Like cops shutting down a raucous frat night, federal gas-mileage restrictions are busting up the binge that’s led sports-car companies to make ever more powerful autos. The party’s over.
With corporate average fuel economy set at 34.1 miles per gallon by 2016, 500-hp supercars that chug petrol by the kegful are going to need a dose of aspirin.
Which brings us to the latest BMW Z4 convertible, with a new, less-powerful engine. Available this autumn, it’s the first four-cylinder from the company in a dozen years.
To sports-car enthusiasts, that probably sounds like a big uh-oh.
The change is making my head throb all right, but in a good way. I’m slinging the roadster along a mountain road shaped like an EKG readout. While the abstrusely named Z4 sDrive28i is less powerful than its six-cylinder predecessor, I’m not missing those two extra chambers one bit.
The two-seat, hardtop roadster starts at $49,525 and is better-balanced than the naturally aspirated sDrive30i it replaces.
Horsepower may have dropped to 240, from 255, but torque has increased to 260 pound feet from 220. Which means it has more grunt from a standstill and ample power in lower gears, perfect for scrambling through mountain passes -- the kind of thing buyers are actually looking for in a roadster.
BMWs are typically electronically limited to 130 mph or 150 mph. When was the last time you saw a U.S. road where those speeds were legal? I can’t really see any downsides to the new engine. With less weight in the nose, the Z4 feels like it just kicked a bad habit and has a new spring in its step.
BMW says gas mileage is improved about 20 percent in the model with the new eight-speed automatic. EPA numbers aren’t released yet, but I saw approximately 21 mpg in the city and 33 on the highway in my test car with a six-speed manual, versus the previous model’s 18 and 28. (A turbocharged 3.0-liter six-cylinder is also available on the sDrive35i and even more powerful sDrive35is. They start at $56,025 and $65,075 respectively, with 300 hp and 335 hp.)
I realize that driving enthusiasts are supposed to worship at the altar of 12-cylinder engines. And no question, the monumental wall of sound emanating from the hood of an Aston Martin DBS or Ferrari 599 gives me the happy shivers.
Yet the idea that performance comes only from a high-displacement V-12 or W-12 is kind of like saying that Big Ben is inherently a better time keeper than your Casio digital watch. The former is impressive, but the latter is a heck of a lot more efficient.
BMW is justifiably proud of its new 2.0-liter engine, which has direct injection, a twin-scroll turbocharger and variable valve management.
“I think we made a lot of people nervous when we announced that BMW was bringing four-cylinder engines back to the U.S. market,” said Paul Ferraiolo, head of product planning and strategy in the U.S. “But the new engine has the power of a six-cylinder with the efficiency of a four.”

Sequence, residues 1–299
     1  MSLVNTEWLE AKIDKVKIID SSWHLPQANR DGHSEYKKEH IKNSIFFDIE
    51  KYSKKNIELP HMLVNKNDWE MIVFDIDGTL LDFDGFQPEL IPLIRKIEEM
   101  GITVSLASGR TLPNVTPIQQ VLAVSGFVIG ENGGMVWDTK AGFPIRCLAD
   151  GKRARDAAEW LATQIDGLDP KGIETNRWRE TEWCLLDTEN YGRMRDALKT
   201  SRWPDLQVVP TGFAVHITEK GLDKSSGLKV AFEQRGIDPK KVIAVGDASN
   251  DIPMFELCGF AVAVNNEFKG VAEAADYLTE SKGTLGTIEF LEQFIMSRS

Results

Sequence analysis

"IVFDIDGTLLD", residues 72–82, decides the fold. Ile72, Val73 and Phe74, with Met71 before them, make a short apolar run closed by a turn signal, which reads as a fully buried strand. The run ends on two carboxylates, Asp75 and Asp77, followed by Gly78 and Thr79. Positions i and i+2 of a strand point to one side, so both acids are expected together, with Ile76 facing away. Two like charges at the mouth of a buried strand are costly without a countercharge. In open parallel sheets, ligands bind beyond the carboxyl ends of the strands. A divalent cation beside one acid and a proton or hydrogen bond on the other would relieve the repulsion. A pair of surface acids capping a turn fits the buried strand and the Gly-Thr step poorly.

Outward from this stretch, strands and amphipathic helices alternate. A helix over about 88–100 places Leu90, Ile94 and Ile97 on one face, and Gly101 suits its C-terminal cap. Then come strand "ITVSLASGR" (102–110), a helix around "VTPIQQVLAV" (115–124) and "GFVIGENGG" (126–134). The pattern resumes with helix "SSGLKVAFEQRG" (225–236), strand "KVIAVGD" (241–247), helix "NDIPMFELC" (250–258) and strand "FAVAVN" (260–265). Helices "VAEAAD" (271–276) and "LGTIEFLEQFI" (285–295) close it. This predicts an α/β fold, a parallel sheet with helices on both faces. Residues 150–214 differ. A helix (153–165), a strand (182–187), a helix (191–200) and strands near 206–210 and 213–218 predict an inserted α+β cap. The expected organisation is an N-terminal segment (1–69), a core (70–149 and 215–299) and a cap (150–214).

The last Z4 I had on the racetrack swiveled neatly on rolling turns, yet felt a tad dull. It just wasn’t as hungry as I’d like in a small two-seater. Like the latest Mercedes-Benz SLK convertible which I recently reviewed, the Z4 makes no claim to a practical nature, so it better be fun.
The new engine achieves peak torque at a low 1,250 rpm, so it pulls hard very quickly. Every time I slap down on the gas pedal the car suddenly comes alive, vibrating and making a nice noise, visceral and vital.
Of course, prospective buyers and onlookers won’t actually see the motor. Rather they’ll notice things like the nuclear yellow the car is available in, and the fact it looks athletic and fun with the top both up and down.
The 1990s Z3 from which the Z4 evolved was a fragile-looking, dorky thing. This Z4 is anything but.
BMW’s roadster is a niche car, however, hardly one of the company’s biggest sellers. To prove that the Munich-based automaker is serious about its new four-cylinder, the engine will also make its way into the 5 Series sedan. Yep, the 2012 528i will be available this autumn as a four-banger. I never thought I’d see the day.
Who says efficiency can’t be fun?
The 2012 BMW Z4 sDrive28i at a Glance
Engine: 2.0-liter, turbocharged four-cylinder with 240
horsepower and 260 pound-feet of torque.
Transmission: Six-speed manual or eight-speed automatic.
Speed: 0 to 60 mph in 5.5 seconds.
Gas mileage per gallon: 21 city; 33 highway (estimated).
Price as tested: $58,225 (estimated).
Best feature: Efficiency without sacrifice.
Worst feature: $50,000 is a spendy starting price.
Target buyer: The sports driver who isn’t afraid to go
(Jason H. Harper writes about autos for Muse, the arts and leisure section of Bloomberg News. The opinions expressed are his own.)